The IRS evaluates tax returns based on their "DIF" scores, a set of IRS formulas known as the "Discriminate Function System." About three-quarters of all returns audited are selected by the DIF computer, which compares deductions, credits, and exemptions with the norms for taxpayers in each income bracket. While these formulas are kept very secret by the IRS, you can count on having a higher audit probability if you fall into certain categories or report certain things on your tax return.
Some higher risk areas include the following —
1. Tax protests. Both the IRS and tax courts are getting fed up with what they consider frivolous tax protests. If you file a return stating that you owe no tax because the dollar is worthless or make some other such protest, you'll probably be audited.
2. High income. Because auditing higher-income taxpayers is likely to produce more additional tax revenue than auditing lower-income taxpayers, this category is targeted by the IRS.
3. Certain occupations. Taxpayers whose occupations produce cash income, such as taxi drivers and waiters, run a higher risk of being audited. Self-employed individuals, particularly independent contractors, are IRS targets for the same reason; they are more likely to have unreported cash income.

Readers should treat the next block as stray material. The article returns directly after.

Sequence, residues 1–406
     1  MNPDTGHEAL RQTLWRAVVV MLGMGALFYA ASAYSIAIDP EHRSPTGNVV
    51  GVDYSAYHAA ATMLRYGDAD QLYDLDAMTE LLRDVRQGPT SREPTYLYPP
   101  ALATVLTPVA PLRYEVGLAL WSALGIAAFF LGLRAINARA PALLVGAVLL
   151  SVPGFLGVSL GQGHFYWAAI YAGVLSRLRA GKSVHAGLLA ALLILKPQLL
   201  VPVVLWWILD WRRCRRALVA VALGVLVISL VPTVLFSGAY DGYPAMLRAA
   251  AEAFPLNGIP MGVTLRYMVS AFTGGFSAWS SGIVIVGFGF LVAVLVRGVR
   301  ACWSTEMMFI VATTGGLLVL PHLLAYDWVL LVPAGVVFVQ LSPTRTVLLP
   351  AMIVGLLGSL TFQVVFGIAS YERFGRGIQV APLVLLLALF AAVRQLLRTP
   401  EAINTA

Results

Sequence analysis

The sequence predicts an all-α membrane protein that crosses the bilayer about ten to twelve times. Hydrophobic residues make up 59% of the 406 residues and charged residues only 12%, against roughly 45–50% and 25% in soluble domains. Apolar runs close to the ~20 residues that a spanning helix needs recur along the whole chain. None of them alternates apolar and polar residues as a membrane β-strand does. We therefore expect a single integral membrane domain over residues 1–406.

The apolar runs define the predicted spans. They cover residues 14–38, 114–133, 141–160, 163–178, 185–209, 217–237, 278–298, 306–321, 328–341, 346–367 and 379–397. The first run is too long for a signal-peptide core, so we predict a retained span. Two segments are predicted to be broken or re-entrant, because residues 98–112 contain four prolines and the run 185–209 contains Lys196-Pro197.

4. No preparer or a problem preparer. If you have a complex return and prepared it yourself, or if your return was prepared by someone on the IRS's problem-preparer list, you are more likely to be audited.
5. Certain deductions. The IRS has found it profitable to audit returns that claim office-in-the-home deductions, travel and entertainment deductions, and certain other write-offs where they feel taxpayers stretch the truth.
6. Related party transactions. Taxpayers who involve family members in their financial operations are more likely to be scrutinized by the IRS. Paying wages to your children, lending money to relatives, splitting income among family members, or running a family business will make the IRS more interested in your returns.
7. Abusive tax shelters and offshore accounts. In the last few years the Internal Revenue Service has detected a proliferation of abusive trust tax evasion schemes. It also believes some people are using offshore credit cards to evade paying U.S. income taxes. The Service intends to expand its efforts to crack down on abuses in these areas.
Unless there is suspicion of fraud or substantial understatement of income, the IRS has three years from the due date of your return to initiate an audit. Typically, most returns are selected within two years of their filing date.
A professional can put your mind at ease, find the information that the IRS wants more quickly than you can, and very likely will save you money in the long run by getting a faster and more favorable conclusion to the audit.
The best defense in an audit is a two-part strategy:
1. Have supporting documentation for all deductions and credits.
2. See your accountant immediately upon notification that you're being audited.
If we can assist you in any way in your tax and business affairs, call our office, or send your questions to us via e-mail.